"Dans le Sable is the first new album in over 40 years by composer, pianist, and digital audio pioneer Loren Rush (b. 1935). Active in the Bay Area new music scene since the late 1950s alongside composers such as Robert Erickson and Pauline Oliveros, he also co-founded the Stanford University's Center for Computer Research in Music and Acoustics in 1975. His music has been performed by the Boston Symphony, the New York Philharmonic, and the San Francisco Symphony Orchestra amongst others.
The title piece "Dans le Sable" (1967-68, 70) covers the first side of the record, of which Charles Shere in the Oakland Tribune (1972) writes: "A surreal opera scene. A narrator dwells on the significance of passing time. A soprano sings Barbarina's cabaletta from Figaro, which describes her distraught search in the sand for a lost pin. The chamber orchestra -- mostly solo instruments -- plays soft, half-forgotten tunes reminiscent of the Parisian music hall. If Marcel Duchamp wanted to put painting once more at the service of the mind, so did Rush seem to want to make a composition that speaks directly to that thing behind the mind -- the point where it connects with the soul. And he succeeded. But only because the work is so brilliantly constructed, so careful in its structure and the timing of its phrases, so well balanced in the disposition of its parts that it quite overcomes the audience."
The second piece on the album "Song and Dance" begins with the watery held tones of "Song". Melancholy phrases are deconstructed and stretched in different retellings, invoking a harmonic fog. We are then thrust into "Dance", one of the first orchestral pieces to employ computer-generated digital synthesis. A hypnotic and percussive march is propelled into a storm of early computer-processed cannonades. Recital now illuminate the overlooked composer Loren Rush, whose meticulous attention to detail has perhaps kept his toiled-upon works in the shadows these past decades. CD version includes eight-page insert; edition of 250." - Recital.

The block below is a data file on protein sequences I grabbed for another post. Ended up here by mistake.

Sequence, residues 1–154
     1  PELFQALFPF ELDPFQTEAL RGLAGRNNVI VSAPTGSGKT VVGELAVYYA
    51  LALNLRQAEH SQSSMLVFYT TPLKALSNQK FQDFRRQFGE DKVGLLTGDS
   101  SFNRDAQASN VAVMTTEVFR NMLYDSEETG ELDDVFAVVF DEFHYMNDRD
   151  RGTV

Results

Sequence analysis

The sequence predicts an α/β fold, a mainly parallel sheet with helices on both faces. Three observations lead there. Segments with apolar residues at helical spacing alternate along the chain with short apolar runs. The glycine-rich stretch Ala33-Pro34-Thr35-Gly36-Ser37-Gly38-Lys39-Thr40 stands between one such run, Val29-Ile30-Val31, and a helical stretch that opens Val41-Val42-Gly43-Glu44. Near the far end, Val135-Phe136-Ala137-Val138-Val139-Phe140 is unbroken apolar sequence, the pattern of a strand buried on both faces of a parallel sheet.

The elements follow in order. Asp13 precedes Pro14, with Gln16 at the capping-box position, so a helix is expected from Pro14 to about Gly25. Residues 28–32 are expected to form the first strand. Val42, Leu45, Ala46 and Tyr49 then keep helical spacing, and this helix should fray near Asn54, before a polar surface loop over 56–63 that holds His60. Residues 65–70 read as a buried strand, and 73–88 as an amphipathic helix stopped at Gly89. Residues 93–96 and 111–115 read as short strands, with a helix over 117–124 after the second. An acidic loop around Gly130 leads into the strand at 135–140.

After nearly a decade of false starts, multiple game plans veering off the rails, and a handful of shattered hopes and/or dreams, the odyssey is finally complete—the new Fusetron site is here.
This is the first phase of a multipart rollout that will span the next few months: the currently browsable stock includes miscellaneous new releases from the past 8+ months (we have a lot of catching up to do), plus approximately a third of our backstock. Note that we’ve reduced/slashed prices on many titles and will continue to do so in order to make room for new stock. We’ll also be expanding / tweaking / improving / debugging the site itself (for example, we still have work to do on the automated international postage system, not to mention the inevitable inventory discrepancies that come with transferring an ancient and massive database to a new system).
Over the next few months, as we take inventory, clean house, and delve into our storage, we will be uploading thousands of additional items, gradually, on a near-daily basis. This will include the majority of the LPs, as well as many titles, in all formats, once thought long-gone. Many currently “sold out” items are likely to resurface.
Finally, once our general backstock is up (probably in the next two or three months) we’ll begin making our extensive stockpile of rarities available online for the first time: tons of random out-of-print titles, "deadstock," warehouse finds, secondhand collectibles, etc., accumulated over the past few decades.
Frequent/returning customers will be getting early access to these items. Details to follow on how this will work (a priority mailing list? a 'frequent flyer'-like program?), but it will not be based on dollars spent. We want to reward those who consistently support us, especially in the discogs marketplace era (to those who show up trying to poach five copies of a one-off rarity, and nothing else, ever… ¯\_(ツ)_/¯ ).
So—we suggest you take some time to dig through the site—even we’ve been surprised by what’s been turning up, and there’s much more to come.